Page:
The shape of continents and landforms on Earth have been greatly affected by the advance and retreat on ice sheets consistent with global climate cycles that have taken place over the last 2.6 million years. When an ice sheet advances, it scours the rock below and with its great mass pulverizes rock into sediment that may continue to move with the ice sheet or be pushed around below. When the ice sheet retreats, it leaves these deep scours behind, dramatically altering the landscape. This process formed the Great Lakes at the end of the last glacial period, when the scours formed by the Laurentide ice sheet subsequently filled with glacial melt as it retreated.
Wind is an erosive force that generally does not result in dramatic erosive events but over long periods of time can cause drastic change to landscape and is a contributor to desertification and land degradation. The impact of wind erosion is greatest in arid regions, and increases significantly in times of drought. Wind can facilitate erosion simply by picking up soil or sediments and carrying them away, or it can facilitate abrasion, in which particles carried by the wind are thrown into surfaces that eventually become worn down.
Animals and Humans
Simply by leaving footprints, all animals that walk the Earth are contributing to erosive processes. Humans have escalated their contributions to erosion by intensive manipulation of vast areas of land. Cities and concrete make an enormous contribution to land degradation, but agriculture is maybe considered the most significant human impact. When one kind of crop is grown intensively across one vast area (known as monoculture), the entire layer of topsoil becomes loose and depleted, making it more likely to erode in a rainfall event or be carried away by the wind.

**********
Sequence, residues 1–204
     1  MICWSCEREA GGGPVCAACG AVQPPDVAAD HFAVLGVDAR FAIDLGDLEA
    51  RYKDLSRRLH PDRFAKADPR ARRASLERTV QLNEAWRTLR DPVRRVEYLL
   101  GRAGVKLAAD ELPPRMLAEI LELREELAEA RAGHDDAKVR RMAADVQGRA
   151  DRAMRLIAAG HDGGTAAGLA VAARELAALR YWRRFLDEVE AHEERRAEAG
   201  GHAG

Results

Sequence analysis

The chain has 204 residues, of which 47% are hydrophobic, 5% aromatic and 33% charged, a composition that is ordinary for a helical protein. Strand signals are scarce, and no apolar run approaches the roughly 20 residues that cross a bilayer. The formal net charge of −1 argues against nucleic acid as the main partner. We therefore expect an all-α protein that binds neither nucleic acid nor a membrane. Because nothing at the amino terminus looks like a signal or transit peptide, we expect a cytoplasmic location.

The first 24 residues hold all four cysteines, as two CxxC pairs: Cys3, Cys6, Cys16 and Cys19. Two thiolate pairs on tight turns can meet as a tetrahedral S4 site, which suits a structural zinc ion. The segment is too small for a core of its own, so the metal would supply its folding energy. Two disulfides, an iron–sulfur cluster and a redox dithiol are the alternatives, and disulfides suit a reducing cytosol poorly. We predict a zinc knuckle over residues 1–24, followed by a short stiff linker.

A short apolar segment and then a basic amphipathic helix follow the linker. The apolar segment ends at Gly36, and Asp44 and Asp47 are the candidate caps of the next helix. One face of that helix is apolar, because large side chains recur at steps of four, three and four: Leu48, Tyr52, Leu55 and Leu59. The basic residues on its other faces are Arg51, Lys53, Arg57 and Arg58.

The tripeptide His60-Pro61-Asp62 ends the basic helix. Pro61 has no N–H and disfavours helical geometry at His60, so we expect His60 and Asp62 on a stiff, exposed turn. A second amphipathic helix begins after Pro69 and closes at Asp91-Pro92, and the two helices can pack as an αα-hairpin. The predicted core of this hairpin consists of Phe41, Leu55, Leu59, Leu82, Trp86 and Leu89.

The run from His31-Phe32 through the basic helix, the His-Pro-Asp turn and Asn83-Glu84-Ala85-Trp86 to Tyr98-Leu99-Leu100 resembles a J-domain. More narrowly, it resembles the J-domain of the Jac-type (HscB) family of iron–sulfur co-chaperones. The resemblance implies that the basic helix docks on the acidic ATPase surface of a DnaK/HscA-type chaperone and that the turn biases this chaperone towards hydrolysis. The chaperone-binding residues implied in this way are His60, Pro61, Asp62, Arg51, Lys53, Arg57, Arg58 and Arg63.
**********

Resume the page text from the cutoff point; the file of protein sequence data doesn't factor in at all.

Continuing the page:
Deforestation is the act of clearing forests of all vegetation in order to make way for agricultural, urban, or natural resource development. Since trees and other plants hold soil and sediments in place with their roots, the removal of these factors significantly increases the vulnerability of the topsoil to erosion.
Examples of Erosion
Many of America’s beloved National Parks boast unique geologic features that attract millions of visitors every year. These natural wonders have been carved out of the bedrock by surface processes for a time far beyond what humans can comprehend, and are still involved in those processes today. If you visit the sandstone desert of the American Southwest, you’ll be sure to see several kinds of natural sculptures, all which have been formed by erosion. Arches, Canyonlands, Bryce Canyon, Zion and Capitol Reef National Parks, as well as Natural Bridges, Grand Staircase-Escalante and Bear’s Ears National Monuments and Goblin Valley and Goosenecks State Parks are all parks that were created for their access to interesting products of erosion in Utah alone.
For a more detailed look at how erosion plays a role in sculpting different geologic features, follow this link.
Here we can see an example of how wind, water, ice and chemical erosion all play a role in the formation of fins, hoodoos and arches.
Other National Parks that feature a unique geologic history of erosional processes include Badlands in South Dakota, Yosemite in California, Carlsbad Caverns in New Mexico, Big Bend in Texas, Black Canyon of the Gunnison and Great Sand Dunes in Colorado, and of course the Grand Canyon in Arizona.